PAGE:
Why Are You Staring at the Sky?
Gospel Commentary for Feast of the Ascension
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ROME, MAY 2, 2008 (Zenit.org).- In the first reading an angel says to the disciples: "Men of Galilee, why are you staring at the sky? This Jesus, who was taken up from among you and assumed into heaven, shall one day return in the same way in which you saw him go to heaven."
This is an occasion to clarify once and for all what we mean by "heaven." Among almost all people, heaven indicates the habitation of the divinity. Even the Bible uses this spatial language: "Glory to God in the highest heaven and peace to men on earth."
With the advent of the scientific era, all these religious meanings attributed to the word "heaven" are now in crisis. The heavens are the space in which our planet and the whole solar system moves, and nothing else. We all have heard of the remark attributed to the Soviet astronaut after returning from his trip through the cosmos: "I traveled through outer space a long time and didn't see God anywhere!"
It is important therefore to try to clarify what we Christians mean when we say "Our Father who art in heaven," or when we say that someone "went to heaven." In these cases the Bible adapts itself to the common way of speaking (we do it today too, even in the scientific era, when we say that the sun "rises" and "sets"). But the Bible knows well and teaches that God is "in heaven, on earth and everywhere," that he is the one who "created the heavens" and, if he created them, cannot be "contained" by them. That God is "in the heavens" means that he "dwells in inaccessible light," that he is as far beyond us "as the heavens are above the earth."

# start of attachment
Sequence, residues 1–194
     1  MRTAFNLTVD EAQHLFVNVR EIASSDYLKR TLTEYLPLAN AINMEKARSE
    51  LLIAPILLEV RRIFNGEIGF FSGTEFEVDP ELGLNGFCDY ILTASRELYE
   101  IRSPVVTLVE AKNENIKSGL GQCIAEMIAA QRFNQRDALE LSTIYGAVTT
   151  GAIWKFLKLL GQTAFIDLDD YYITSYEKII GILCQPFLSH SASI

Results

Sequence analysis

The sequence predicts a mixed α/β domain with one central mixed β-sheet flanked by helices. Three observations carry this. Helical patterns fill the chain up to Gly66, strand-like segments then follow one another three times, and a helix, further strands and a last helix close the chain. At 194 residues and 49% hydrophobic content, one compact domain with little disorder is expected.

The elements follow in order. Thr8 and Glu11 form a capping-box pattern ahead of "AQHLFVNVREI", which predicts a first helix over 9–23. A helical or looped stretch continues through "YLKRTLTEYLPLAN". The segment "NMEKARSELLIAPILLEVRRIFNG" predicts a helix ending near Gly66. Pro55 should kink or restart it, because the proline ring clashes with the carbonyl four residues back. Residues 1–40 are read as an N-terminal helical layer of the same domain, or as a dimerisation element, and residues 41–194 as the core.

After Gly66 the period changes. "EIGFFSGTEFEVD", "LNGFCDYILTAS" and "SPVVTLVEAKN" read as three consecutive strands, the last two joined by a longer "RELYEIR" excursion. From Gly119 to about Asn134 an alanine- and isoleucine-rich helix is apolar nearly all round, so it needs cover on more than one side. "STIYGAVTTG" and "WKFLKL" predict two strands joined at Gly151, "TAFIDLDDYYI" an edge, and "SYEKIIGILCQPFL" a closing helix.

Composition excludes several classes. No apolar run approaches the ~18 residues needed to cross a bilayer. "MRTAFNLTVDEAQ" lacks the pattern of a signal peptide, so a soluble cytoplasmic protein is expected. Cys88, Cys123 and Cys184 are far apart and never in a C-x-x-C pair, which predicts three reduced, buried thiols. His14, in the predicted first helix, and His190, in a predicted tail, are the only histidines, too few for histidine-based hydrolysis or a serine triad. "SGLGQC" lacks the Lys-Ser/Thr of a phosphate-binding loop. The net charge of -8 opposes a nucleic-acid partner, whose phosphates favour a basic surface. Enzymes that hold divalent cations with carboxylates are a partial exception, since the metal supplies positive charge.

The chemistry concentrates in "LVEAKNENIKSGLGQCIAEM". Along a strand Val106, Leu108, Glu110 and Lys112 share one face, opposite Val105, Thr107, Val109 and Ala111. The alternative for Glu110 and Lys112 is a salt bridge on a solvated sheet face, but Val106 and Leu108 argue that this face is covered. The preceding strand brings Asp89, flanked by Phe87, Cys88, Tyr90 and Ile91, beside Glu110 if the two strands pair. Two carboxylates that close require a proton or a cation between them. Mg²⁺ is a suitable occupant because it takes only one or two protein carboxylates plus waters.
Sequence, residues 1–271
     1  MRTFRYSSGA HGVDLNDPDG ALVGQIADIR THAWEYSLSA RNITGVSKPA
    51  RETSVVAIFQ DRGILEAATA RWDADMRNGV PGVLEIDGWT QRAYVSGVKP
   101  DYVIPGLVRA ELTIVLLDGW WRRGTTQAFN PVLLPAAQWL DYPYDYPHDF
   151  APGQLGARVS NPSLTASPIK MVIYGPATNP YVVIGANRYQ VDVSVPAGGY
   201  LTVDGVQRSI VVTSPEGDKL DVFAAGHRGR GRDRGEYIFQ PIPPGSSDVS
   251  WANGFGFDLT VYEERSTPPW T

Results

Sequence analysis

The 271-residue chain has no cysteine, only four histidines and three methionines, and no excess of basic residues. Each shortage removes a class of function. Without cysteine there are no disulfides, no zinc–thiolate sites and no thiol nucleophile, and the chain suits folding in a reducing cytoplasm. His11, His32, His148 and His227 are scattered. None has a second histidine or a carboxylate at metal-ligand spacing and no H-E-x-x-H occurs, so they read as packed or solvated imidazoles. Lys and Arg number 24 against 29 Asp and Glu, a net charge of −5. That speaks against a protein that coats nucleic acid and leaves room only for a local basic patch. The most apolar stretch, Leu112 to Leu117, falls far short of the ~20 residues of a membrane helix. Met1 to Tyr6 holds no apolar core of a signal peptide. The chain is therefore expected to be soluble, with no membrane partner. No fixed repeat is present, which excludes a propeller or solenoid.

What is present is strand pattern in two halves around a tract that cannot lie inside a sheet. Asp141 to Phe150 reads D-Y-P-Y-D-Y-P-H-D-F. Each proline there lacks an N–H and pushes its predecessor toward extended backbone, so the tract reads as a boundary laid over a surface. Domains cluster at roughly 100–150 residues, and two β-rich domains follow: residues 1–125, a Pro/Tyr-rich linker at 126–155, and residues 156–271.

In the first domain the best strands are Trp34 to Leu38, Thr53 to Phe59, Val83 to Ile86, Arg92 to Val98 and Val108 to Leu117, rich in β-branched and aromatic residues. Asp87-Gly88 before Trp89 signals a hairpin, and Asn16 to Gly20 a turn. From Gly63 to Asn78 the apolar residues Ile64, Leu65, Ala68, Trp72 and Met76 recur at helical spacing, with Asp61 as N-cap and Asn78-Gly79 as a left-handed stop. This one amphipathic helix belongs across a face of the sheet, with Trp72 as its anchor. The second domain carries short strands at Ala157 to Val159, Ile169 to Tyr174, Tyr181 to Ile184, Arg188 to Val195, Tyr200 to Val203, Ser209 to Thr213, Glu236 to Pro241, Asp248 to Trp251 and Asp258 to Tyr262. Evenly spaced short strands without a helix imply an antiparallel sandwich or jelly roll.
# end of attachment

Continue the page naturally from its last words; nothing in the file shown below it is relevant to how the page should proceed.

We Christians also agree that in talking about heaven as God's dwelling place we understand it more as a state of being than a place. When we speak about God it would be nonsense to say that he is literally "above" or "below," "up" or "down." We are not therefore saying that heaven doesn't exist but only that we lack the categories with which to adequately represent it. Suppose we ask a person who is blind from birth to describe the different colors to us: red, green, blue. ... He could not tell us anything since we only perceive colors through our eyes. This is what it is like for us in regard to "heaven" and to eternal life, which is outside space and time.
In light of what we have said, what does it mean to proclaim that Jesus "ascended into heaven"? We find the answer in the Creed. "He ascended into heaven and is seated at the right hand of the Father."
That Christ has ascended into heaven means that he "is seated at the right hand of the Father," that is, as man too, he has entered into God's world; that he has been constituted the Lord and head of all things, as St. Paul says in the second reading.
In regard to us, "going to heaven" or going to "paradise" means going and being "with Christ" (Philippians 1:23). Our heaven is the risen Christ together with whom we shall form a "body" after our resurrection but also, in a provisional and imperfect way, immediately after our death. It is sometimes objected that no one has returned from heaven to assure us that it truly exists and is not just a pious illusion. It's not true! There is one who -- if we know how to recognize him -- returns from heaven every day in the Eucharist to assure us and to renew his promises.
The words of the angel -- "Men of Galilee, why are you staring at the sky?" -- also contain an implicit reproof: We should not just "stare into the sky" and speculate about the beyond, but rather we should live in expectation of his return, follow his mission, bring the Gospel to the ends of the earth, improve life in this world.
He has gone to heaven but without leaving earth. He has only disappeared from our field of vision. Indeed in the Gospel he himself assures us: "Behold, I am with you always, even to the end of the world."
[Translation by Joseph G. Trabbic]
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Father Raniero Cantalamessa is the Pontifical Household preacher. The readings for this Sunday are Acts 1:1-11; Ephesians 1:17-23; Matthew 28:16-20.